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Dehumanizing the Holidays
 

When I had the privilege of working for the Council for Secular Humanism, I used to notice some odd and interesting maneuvers about this time of year. Once I even organized a symposium on the subject of Christmas and proclaimed it a celebration of Festivus. “Festivus—for the rest of us!” You know, Frank Costanza’s holiday from Seinfeld. It was a terrific exchange of ideas. There were, as I recall, three basic positions. Tom Flynn, by far the most consistent theoretician of Secular Humanism I have had the pleasure of knowing, argued that Christmas was basically a humbug foisted upon the world by “six eminent Victorians,” and that it is, as Scrooge put it (sorry, Tom!) “a false and commercial festival.” I argued, by contrast, that Christmas is just the latest overlay on a much older, seasonal (Solstice) holiday, and that since people generally comment on how secularized Christmas has become, we ought to run with it and celebrate Christmas as a secular holiday of family warmth and abundance, no more religious than Arbor Day or Lincoln’s Birthday. Then Joe Fox proposed having a distinctively Humanist winter holiday called Humanlight. In fact, he had already begun observing it with his family. I guess Joe had the last laugh, since I get annual announcements from Secular Humanist groups wishing me a happy Humanlight!

Let me briefly revisit the controversial theme of that afternoon as Christmas draws near again. I said that Tom Flynn is the most fearlessly consistent advocate of Secularism I know. He argued not only that Christmas is something of a holy hoax of which Secular Humanists ought to have no part. He further urged that observing Unitarian, pseudo-pagan mock-ups like “Solstice” (or implicitly Humanlight) is just to kid ourselves, like Mormons drinking a cup of “Coffee Near.” It is still a “holiday,” that is, a holy day. The kind of days that are not supposed to exist for you if you are a Secularist. For this reason, Tom always comes to the office to work on Christmas Day, even though he is the only one there. He says he worked hard to rid himself of the pleasant thrill of mystery when the sacred days come around. The bracing chill of reality unvarnished, unembellished by fantasy, is plenty invigorating for him. You see why I admire this guy?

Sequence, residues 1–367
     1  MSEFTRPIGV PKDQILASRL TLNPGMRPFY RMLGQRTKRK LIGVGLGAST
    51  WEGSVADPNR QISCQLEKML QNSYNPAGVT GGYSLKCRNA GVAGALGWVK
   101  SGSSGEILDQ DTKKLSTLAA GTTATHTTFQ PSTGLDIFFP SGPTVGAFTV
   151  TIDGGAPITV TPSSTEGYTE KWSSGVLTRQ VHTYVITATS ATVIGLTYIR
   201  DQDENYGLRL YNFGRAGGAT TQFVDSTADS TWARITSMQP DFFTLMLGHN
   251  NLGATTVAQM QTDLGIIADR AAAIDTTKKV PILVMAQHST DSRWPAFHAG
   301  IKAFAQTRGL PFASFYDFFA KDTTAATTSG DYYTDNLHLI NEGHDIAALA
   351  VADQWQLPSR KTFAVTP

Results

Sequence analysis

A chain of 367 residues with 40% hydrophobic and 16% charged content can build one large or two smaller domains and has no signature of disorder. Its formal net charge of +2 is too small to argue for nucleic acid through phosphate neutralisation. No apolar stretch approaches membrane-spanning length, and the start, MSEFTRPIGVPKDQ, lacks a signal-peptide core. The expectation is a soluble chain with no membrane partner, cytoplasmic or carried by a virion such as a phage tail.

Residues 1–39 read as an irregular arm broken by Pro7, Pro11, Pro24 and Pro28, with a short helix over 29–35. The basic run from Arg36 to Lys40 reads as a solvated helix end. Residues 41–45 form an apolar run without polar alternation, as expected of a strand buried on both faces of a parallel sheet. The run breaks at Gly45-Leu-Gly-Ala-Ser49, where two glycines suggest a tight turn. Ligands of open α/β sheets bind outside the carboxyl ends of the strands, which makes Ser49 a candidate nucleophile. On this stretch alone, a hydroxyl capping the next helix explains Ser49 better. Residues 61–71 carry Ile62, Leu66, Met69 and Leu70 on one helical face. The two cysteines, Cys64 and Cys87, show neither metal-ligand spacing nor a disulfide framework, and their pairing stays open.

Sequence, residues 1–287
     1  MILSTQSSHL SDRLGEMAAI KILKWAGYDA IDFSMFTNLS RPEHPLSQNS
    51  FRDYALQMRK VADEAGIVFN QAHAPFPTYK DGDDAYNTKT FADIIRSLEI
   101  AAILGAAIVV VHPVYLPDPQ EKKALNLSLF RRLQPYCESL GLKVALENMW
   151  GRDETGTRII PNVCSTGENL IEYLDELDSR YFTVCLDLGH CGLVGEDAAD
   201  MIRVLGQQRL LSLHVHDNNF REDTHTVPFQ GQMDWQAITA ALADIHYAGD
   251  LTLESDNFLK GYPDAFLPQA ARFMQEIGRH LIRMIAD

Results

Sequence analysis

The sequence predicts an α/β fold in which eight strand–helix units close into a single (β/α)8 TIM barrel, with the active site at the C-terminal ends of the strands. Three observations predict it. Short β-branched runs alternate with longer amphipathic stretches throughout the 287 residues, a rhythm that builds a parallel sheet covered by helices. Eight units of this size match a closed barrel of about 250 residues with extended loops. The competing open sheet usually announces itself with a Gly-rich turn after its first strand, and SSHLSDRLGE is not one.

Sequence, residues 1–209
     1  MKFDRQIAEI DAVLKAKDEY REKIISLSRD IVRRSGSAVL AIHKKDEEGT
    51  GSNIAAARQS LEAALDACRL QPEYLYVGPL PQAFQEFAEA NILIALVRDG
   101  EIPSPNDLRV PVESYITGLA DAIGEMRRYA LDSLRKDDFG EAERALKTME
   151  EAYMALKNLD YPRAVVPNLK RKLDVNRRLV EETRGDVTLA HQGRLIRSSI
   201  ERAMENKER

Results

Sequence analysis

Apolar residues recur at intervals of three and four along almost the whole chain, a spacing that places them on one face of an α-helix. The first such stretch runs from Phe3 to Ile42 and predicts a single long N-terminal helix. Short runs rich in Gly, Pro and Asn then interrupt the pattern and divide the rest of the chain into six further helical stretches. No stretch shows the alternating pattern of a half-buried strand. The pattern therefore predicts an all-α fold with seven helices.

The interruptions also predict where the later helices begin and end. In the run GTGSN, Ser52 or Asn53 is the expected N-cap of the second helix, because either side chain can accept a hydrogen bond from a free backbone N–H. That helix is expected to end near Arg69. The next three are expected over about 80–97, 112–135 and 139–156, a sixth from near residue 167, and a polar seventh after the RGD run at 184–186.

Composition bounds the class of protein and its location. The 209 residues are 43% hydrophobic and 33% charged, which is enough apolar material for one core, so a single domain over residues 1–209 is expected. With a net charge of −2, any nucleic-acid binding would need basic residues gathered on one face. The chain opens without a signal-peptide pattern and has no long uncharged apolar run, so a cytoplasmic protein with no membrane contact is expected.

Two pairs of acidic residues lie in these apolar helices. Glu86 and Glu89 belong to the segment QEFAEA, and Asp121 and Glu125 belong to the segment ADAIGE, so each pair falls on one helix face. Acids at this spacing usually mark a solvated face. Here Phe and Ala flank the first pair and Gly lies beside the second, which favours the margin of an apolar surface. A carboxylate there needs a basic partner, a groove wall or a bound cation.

But I am still left wondering why even so doughty a Secular Humanist as Joe Fox or Barry Seidman feel the need for something like Humanlight. Whether or not there is a God-shaped vacuum in the human psyche, it seems hard to deny there is a Christmas-shaped hole that human nature abhors. We seem to need, or irresistibly to feel that we need (which means it is a need), to have a seasonal celebration bracketed off from the affairs of mundane life. And what is the opposite of the mundane? The antithesis to the profane, the secular? It is the sacred. Sacred in the sense of set apart as special, consecrated, like a Sabbath of rest. Now, if even the “hardened” Secularists I just mentioned still feel the need for the Christmas-substitute, doesn’t that imply it is almost irresistibly human to set aside and to celebrate the sacred?

After all, the cavil always aimed at religion by Humanists is that it is all man-made. And of course it is! It is a product of human nature, culture, artistry and imagination! Sure, I know it eventuates in people taking myths and fables literally, which is an innocent mistake, sometimes even a dangerous one. But that’s an abuse, and we make plenty of excuses for the abuse of other good things. But I feel Christmas ought to be celebrated precisely as a human invention, a case of “sacred” play. This is a precious aspect of human nature. And so to fulminate against it and to strive to make everything mundane seems to me dehumanizing in the first degree. And that is a very odd strategy for so-called “Humanists.” That’s where I still disagree with Tom.

Where I disagree with Joe is that I believe, with Bultmann and Tillich, that myth is the irreplaceable language of the sacred, and this has nothing to do with belief in the supernatural. The failure to realize this is what makes Unitarianism so insufferable to me. Once I remember seeing on the signboard of a local Universalist Church a supposedly inspiring quote from Madame Chiang Kai-Shek. Come on: is that all you’ve got? In the same way, I am not satisfied with Frosty the Snowman. I want Santa Claus if not the baby Jesus. I’ll even be satisfied with Scrooge, as long as you don’t leave out the ghosts!

So says Zarathustra.

Robert M. Price
December 2006

 

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